“Yes, you all want me to come home. That would solve your problems. There would be peace in the family and another victim would be sacrificed. Of course you would all be very happy, but I would be sunk in a sea of bitterness….” (Pa Chin 262)

It was primarily due to the continuous onslaught of change, the implementation of schools, urbanization, the involvement of women in economic activities and many other things that caused the weakening of the system of arranged marriages.

“The system therefore crumbled when faced by changing reality, in the form of extended education for girls, […] and the lack of a compelling reason why parents should continue to be the ones making the choice of spouse for later-marrying daughters.” (Jones 5)

Although change can be stimulated by various elements, Jones believes that education plays a significant factor in the decline of arranged marriages. Based on a study in 2000 of Thailand, the more educated a woman was (between the age of 35-39) the more likely she was single, whereas the less educated the woman was, the more likely she would already be married. The exact opposite was true of men, however in various countries in East Asia (Jones 6). These statistics seem to reflect the relationship between Chin, a very strong-spirited young woman, and Chueh-min in the book, Family.  Although the statistics show that educated women, like Chin, are most-likely to remain single, educated men, like Chueh-min, are most-likely not to remain single. Earlier in the story, Chin, who persuaded her mother into allowing her to attend an all-girls school, became ecstatic when she heard about the possibility of an all-male school allowing room for female students. As soon as she had the right moment, she spoke to her mom about her desire to attend the school: “’Ma, times have changed. […] something new comes into the world every day. Girls are human beings the same as boys. Why shouldn’t they study in the same classroom?’” (Pa Chin 32). This statement does a great job expressing the notion that the uneducated individuals treated females as lesser than that of human beings. If this were true, it can be speculated that an educated woman would be most interested in an educated man who sees her as an equal human being.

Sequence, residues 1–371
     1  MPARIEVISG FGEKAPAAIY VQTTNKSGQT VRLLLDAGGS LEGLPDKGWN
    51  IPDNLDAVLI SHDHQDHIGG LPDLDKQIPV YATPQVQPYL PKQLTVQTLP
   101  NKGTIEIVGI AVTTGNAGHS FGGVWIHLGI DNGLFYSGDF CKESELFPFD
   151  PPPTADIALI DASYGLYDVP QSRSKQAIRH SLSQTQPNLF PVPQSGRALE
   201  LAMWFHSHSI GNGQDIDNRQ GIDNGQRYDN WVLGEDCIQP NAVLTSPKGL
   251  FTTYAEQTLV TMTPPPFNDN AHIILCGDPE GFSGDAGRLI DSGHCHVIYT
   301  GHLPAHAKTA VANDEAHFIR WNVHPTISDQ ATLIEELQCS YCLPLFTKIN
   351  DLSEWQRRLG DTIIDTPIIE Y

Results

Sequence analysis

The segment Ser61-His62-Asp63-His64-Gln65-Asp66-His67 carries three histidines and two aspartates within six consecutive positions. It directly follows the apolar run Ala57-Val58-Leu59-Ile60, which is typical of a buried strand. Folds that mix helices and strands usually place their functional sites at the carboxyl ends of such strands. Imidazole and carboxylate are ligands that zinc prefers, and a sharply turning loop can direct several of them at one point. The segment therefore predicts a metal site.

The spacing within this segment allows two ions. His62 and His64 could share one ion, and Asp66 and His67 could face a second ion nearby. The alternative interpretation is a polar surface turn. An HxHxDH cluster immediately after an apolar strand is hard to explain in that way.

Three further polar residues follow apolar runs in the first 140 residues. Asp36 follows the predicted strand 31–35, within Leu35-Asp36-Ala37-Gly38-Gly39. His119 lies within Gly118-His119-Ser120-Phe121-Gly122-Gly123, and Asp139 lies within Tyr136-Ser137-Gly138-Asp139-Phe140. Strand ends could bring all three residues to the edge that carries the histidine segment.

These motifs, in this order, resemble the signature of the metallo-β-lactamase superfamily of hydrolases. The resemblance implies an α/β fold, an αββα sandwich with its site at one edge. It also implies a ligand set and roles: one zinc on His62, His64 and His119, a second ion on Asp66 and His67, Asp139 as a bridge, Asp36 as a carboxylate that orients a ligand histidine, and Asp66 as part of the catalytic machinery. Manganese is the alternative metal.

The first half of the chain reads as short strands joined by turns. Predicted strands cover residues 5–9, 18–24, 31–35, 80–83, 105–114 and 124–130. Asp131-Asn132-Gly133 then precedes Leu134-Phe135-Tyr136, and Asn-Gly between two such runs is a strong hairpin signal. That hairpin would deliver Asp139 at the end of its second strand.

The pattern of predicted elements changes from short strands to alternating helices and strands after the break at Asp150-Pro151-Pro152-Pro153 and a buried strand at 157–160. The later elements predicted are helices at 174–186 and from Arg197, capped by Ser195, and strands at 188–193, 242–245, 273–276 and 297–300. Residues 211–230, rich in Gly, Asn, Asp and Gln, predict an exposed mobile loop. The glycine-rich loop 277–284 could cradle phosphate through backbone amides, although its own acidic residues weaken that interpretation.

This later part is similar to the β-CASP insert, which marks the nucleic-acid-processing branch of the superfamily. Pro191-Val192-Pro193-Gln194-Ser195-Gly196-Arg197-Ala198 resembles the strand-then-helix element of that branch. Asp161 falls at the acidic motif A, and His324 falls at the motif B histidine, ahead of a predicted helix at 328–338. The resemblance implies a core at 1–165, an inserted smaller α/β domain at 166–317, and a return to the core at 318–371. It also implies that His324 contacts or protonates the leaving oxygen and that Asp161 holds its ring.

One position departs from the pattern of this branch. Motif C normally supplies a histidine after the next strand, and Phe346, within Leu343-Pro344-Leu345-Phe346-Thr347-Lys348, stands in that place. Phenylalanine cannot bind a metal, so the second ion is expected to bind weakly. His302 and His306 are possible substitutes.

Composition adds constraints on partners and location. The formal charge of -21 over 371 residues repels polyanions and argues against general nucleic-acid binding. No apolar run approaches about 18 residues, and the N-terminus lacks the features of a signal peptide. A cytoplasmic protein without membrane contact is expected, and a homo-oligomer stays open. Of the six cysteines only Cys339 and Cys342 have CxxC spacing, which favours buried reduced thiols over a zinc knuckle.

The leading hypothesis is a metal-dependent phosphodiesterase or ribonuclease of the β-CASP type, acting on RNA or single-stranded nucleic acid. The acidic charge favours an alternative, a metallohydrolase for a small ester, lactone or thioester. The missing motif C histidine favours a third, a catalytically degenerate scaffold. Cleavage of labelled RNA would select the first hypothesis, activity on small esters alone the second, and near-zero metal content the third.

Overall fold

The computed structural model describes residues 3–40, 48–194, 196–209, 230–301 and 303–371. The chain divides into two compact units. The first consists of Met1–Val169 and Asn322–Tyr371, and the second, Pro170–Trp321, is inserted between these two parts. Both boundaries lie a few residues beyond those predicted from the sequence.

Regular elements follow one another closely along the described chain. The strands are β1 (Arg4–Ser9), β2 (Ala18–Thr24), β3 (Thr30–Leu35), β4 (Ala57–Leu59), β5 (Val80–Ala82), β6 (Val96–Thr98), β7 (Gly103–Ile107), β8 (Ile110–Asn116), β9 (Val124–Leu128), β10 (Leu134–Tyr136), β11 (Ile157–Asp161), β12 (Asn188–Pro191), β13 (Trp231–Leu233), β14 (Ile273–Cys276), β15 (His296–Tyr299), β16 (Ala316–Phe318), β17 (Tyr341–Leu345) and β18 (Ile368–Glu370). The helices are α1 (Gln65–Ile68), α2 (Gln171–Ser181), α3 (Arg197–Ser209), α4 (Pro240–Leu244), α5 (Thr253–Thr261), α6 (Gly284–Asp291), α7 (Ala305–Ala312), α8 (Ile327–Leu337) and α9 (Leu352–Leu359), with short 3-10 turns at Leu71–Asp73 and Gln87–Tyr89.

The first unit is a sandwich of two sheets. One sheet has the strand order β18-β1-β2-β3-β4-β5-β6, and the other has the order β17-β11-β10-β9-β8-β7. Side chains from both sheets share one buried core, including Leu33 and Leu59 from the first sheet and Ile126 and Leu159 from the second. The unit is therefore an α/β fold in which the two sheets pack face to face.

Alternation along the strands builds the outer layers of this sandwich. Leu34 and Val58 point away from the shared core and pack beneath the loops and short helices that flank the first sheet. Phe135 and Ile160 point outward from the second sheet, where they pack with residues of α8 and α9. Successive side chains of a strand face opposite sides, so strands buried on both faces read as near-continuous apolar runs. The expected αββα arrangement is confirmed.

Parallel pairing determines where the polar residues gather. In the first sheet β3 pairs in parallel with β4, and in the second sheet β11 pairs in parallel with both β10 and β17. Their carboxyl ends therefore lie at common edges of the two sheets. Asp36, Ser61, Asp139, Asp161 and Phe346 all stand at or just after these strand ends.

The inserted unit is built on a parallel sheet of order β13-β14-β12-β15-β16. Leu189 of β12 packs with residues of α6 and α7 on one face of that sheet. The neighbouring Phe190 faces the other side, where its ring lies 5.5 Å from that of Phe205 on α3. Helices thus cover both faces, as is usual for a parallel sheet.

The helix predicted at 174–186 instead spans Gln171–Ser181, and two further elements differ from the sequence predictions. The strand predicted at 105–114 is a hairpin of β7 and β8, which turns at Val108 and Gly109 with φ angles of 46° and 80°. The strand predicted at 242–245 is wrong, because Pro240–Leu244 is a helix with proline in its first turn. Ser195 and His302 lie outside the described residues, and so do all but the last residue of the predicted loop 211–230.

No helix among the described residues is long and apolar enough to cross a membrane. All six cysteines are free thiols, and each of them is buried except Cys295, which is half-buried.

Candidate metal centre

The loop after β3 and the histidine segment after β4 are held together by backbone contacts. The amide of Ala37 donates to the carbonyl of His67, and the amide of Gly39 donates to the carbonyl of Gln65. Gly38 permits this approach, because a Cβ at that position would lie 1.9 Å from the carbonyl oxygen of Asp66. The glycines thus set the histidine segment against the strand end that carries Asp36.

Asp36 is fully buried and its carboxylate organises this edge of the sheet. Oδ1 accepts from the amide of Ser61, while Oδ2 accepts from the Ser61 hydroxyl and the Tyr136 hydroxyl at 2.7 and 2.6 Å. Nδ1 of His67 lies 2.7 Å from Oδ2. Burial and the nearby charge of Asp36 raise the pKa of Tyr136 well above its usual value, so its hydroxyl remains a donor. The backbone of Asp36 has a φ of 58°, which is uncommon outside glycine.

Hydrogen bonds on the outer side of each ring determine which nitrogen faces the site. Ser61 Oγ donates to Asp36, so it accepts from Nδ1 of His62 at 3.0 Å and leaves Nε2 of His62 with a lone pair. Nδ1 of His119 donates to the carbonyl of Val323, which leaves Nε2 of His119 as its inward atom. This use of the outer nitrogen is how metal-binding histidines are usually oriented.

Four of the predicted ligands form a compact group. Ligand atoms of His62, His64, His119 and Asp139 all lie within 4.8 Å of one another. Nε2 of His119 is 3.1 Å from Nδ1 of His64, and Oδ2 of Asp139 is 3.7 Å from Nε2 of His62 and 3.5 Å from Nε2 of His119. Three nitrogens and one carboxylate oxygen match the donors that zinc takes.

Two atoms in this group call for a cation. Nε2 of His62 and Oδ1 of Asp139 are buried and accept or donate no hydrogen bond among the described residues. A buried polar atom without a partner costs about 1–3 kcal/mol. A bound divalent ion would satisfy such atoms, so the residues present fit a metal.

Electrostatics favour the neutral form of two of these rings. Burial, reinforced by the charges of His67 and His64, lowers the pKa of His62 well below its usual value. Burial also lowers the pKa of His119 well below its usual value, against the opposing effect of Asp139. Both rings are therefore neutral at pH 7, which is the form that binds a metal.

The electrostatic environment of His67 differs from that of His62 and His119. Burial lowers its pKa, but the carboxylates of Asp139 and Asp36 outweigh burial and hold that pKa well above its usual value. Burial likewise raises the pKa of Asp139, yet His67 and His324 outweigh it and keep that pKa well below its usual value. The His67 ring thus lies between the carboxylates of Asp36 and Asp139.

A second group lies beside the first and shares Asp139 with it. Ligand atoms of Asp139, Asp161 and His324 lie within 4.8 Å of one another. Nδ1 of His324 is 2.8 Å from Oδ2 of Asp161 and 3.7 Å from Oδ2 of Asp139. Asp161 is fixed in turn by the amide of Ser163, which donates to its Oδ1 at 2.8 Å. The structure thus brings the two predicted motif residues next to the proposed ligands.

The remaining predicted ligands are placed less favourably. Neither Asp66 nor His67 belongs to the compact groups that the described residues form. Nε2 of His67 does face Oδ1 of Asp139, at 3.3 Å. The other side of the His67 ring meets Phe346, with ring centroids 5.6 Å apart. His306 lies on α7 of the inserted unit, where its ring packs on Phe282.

Although arranged marriages continue to be practiced around the world today, more cultures have embraced the same kind of change embraced by the Chinese Revolution. While arranged marriages fell apart around East and Southeast Asia, after various influences from the west, areas such as South Asia continue to hold strongly onto the traditions of the arranged marriage system. Although this may seem odd, Jones states that most of the “young people in South Asia recognize that their parents may be the best ones to choose their marriage partners.” He also continues on to say that, “By contrast, in East Asia, the arranged marriage system has collapsed, but it has been argued that nothing has emerged to replace it” (Jones 5). Even though modernization brought forth the individualistic beliefs of the west, it can also be blamed for societies with higher numbers of single men and women.

We are all born into a family. During most of China’s history, however, this meant a strict adherence to the desires of the patriarch of the family, even if it meant going against your individual desires. Chueh-hsin showed his filial piety by habitually abiding to every request his family bestowed upon him, whether it was the last request from his father on his death bed, the authoritative demands of his grandfather, or the rebukes and remarks of his elderly family members. This Confucian based society created loyal servants like Chueh-hsin and caused them to be prisoners of their patriarch’s decision regarding arranged marriages. Fortunately, changes in society during the Chinese Revolution paved the way for habits to be broken in an inevitable pursuit of happiness. Although the change didn’t occur overnight, the struggle benefitted people like Chueh-min, Chin and Chueh-hui, who were all educated, as well as willing enough to take a stand against the injustices and sacrifices made by people like Chueh-hsin, Mei, and many others. Although arranged marriages are still being practiced today, many more people have benefitted from this change and modernization, allowing them the freedom to actively or inactively participate in the art of arranged marriage.

[[References available upon request.]]